Rapid Testing Brings Hope Regarding Easing Visiting Restrictions in Care Homes

Researchers claim that rapid covid-19 tests will make it easier for relatives to visit care home residents isolated by the pandemic.

A trial, which took place at four care homes in England, suggests tests by staff are as accurate as those done in hospitals and that, in time, they could be offered to relatives and friends in addition to staff and residents.

Many care homes first shut their doors to visitors eight months ago to try to protect residents from the spread of coronavirus. But with visits still very limited, families argue the restrictions are causing huge distress and confusion, particularly for residents with dementia.

One of the homes taking part in the trial has set up a small Covid-19 testing centre in its outbuildings and staff have had special training. They take throat and nasal swabs, place them in a solution and then put the sample in a machine that runs the test. It can do eight tests at once and takes 85 minutes to provide results. Next, they will trial a machine that takes just 15 minutes to run a single test.

Professor Adam Gordon, president-elect of the British Geriatric Society, says care home staff have found the technology relatively easy to use, with a very low error rate. He says the system "gets it right in 99 cases out of every 100 tests that are done - that's about as good as a diagnostic test could be. And it means that care home staff are delivering this test with the same level of specificity that we see when it's used in hospitals."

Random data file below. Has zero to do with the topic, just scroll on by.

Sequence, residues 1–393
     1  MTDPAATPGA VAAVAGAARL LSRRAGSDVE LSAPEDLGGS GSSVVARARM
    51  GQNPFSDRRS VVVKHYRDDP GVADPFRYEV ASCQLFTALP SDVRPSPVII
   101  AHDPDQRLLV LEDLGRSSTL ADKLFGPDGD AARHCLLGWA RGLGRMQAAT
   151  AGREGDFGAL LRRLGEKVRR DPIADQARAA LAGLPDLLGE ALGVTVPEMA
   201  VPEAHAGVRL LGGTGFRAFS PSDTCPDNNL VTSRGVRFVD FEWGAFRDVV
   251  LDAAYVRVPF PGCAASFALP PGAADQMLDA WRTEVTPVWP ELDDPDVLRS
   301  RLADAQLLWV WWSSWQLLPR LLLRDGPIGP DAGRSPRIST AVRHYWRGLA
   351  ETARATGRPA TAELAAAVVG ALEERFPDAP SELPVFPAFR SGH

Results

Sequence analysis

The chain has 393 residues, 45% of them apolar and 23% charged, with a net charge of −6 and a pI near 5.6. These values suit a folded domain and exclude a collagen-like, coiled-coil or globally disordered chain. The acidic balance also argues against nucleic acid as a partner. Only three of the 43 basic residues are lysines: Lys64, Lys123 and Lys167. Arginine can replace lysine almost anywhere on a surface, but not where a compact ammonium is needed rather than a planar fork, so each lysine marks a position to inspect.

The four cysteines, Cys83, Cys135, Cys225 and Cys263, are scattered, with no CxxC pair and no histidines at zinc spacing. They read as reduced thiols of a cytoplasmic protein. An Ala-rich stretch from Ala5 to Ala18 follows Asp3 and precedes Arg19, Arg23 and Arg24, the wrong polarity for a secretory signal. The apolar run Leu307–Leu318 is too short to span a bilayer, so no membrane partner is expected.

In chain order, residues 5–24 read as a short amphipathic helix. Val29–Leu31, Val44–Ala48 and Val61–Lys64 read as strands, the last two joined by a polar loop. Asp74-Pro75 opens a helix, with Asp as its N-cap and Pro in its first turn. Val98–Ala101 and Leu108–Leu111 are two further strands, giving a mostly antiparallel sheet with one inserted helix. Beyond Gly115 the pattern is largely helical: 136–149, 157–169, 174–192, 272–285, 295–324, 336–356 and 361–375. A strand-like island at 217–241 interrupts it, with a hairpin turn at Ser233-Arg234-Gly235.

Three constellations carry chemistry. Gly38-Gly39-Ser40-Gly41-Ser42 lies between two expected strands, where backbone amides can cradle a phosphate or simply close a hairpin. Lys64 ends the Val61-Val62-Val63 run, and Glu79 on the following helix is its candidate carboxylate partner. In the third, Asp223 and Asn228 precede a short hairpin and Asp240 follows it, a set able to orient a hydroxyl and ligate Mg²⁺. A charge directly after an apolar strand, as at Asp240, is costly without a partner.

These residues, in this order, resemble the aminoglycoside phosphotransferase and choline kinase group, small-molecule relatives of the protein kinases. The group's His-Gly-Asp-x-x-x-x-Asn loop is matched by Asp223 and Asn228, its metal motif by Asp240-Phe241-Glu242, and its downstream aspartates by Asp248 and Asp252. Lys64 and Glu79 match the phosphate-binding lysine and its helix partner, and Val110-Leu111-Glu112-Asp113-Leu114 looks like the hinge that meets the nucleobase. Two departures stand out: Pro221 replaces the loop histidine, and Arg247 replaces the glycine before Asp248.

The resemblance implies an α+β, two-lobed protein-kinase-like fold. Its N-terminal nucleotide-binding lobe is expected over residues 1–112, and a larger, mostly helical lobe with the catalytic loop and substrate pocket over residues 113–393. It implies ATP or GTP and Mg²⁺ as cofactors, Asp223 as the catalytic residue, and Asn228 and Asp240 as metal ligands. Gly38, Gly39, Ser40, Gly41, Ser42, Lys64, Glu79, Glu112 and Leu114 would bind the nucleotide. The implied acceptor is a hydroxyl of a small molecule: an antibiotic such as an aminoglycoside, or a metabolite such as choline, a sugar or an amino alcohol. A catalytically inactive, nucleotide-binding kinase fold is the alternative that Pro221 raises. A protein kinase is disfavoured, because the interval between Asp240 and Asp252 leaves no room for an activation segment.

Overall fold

They still have to finalise results, but expect to send a report to the government within weeks. Professor Gordon believes rapid testing will make a real difference.

At the moment, all care staff in England have access to weekly testing and residents are tested monthly, but it can take several days for the laboratory results to come back. Rapid tests run by individual homes should make it easier to check people on the day they want to visit, but it is not clear how that would work in practice.

The government says a pilot scheme to test the safety and practicalities of testing visitors will begin on 16 November, involving 30 homes, across four local authority areas where there is a low prevalence of Covid-19.

The research is part of the Covid-19 National Diagnostic Research and evaluation programme, or Condor, to look into the use of new technologies in the fight against coronavirus. It is funded by the National Institute for Health Research and backed by the government.

To read more this story in full please visit: https://www.bbc.co.uk/news/health-54843815

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